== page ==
Paper No. 1
Presentation Time: 9:00 AM-6:00 PM


CIRONE, Ashley M.1, SMITH, Jacqueline A.1, JOHNSON, Bradley G.2 and DIEMER, John A.3, (1)Physical & Biological Sciences, The College of Saint Rose, 432 Western Avenue, Albany, NY 12203, (2)Environmental Studies, Davidson College, Box 7056, Davidson, NC 28035-7056, (3)Department of Geography & Earth Sciences, University of North Carolina at Charlotte, 9201 University City Blvd, Charlotte, NC 28223,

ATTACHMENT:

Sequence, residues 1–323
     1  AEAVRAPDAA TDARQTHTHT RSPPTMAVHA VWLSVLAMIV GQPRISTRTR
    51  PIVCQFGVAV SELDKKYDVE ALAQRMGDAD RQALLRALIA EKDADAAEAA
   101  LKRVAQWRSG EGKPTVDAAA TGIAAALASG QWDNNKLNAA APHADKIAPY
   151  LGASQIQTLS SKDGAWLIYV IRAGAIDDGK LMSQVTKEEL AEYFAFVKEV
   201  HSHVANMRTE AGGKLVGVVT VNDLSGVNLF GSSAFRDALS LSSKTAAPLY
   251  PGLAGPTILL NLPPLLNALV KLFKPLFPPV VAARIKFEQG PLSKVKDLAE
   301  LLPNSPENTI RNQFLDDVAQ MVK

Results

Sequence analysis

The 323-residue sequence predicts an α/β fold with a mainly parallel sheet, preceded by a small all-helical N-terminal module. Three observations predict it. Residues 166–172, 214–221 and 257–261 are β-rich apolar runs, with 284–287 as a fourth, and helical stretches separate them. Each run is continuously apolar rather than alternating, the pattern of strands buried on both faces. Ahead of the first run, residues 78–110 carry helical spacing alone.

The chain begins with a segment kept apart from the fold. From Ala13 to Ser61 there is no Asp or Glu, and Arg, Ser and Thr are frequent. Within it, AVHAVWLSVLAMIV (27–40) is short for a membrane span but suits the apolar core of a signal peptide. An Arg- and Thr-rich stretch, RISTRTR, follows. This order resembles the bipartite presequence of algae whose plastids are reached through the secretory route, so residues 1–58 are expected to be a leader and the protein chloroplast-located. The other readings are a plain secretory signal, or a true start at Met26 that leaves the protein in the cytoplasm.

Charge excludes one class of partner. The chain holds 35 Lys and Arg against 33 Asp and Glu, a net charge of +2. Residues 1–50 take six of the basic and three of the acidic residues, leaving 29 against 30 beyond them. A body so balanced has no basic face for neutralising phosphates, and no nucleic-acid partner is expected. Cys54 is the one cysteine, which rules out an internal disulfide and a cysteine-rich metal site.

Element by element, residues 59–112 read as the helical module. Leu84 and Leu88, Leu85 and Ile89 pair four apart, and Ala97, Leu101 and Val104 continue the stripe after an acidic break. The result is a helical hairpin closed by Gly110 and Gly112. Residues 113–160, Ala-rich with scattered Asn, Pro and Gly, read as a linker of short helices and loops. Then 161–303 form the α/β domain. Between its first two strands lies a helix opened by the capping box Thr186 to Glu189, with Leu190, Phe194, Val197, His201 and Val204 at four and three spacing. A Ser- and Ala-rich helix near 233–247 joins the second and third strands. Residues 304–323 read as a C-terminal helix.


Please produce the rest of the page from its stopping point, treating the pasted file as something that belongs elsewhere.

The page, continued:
As part of our research into the extent and timing of glaciation and landsliding in the southeastern San Juan Mountains of south-central Colorado, we began an investigation of the 1.75 km2 Trujillo Meadows Landslide (TML; N 37.051°, W 106.446°, ~3050-3350 m a.s.l.) in 2011. The TML is located at the southern edge of the Red Lake Plateau (~3500-3600 m a.s.l.), which is bounded by valleys glaciated during the Last Glacial Maximum, including Río de los Piños Valley. The TML occurred in the headwaters of the Rio de los Piños and formed a natural dam (now breached) across the valley at the modern spillway of the Trujillo Meadows Reservoir dam. We extracted a 3.07-m sediment core (to 4.2 m depth) from a bog located in the southern part of the TML, ~300 m from the approximate location of the toe of the landslide. The bog is elongate northwest-southeast (~100 m by ~50 m), with an area of ~2500 m2. The uppermost 3 m of the TML bog consist primarily of peaty organic material, with a transition to siltier, less organic-rich sediment between 3 and 4 m depth. The sediment corer met refusal in angular gravel at a depth of 4.18 m, indicating relatively thick deposits for a closed basin. Magnetic susceptibility (MS) was low throughout the core (-8.8-0 SI units), except in the bottom 6 cm (0.8-39.3 SI units); the highest MS reading came from the basal gravel layer. Calibrated radiocarbon dates of 10,658 ± 49, 10,596 ± 57, and 9,410 ± 65 yrs BP from macro-organics near the bottom of the core suggest that the landslide occurred no later than the early Holocene, which was reportedly a time of enhanced monsoonal activity in the region. Ongoing work on the TML includes further analysis of the core, surface-exposure dating of boulders, and analysis of soil samples from three soil pits. Recent landslides in the area, along with the continuing construction of homes in the Rio de los Piños Valley, make it important that we understand whether a landslide this large could be a modern reality or if it was simply a product of paraglacial instability during deglaciation.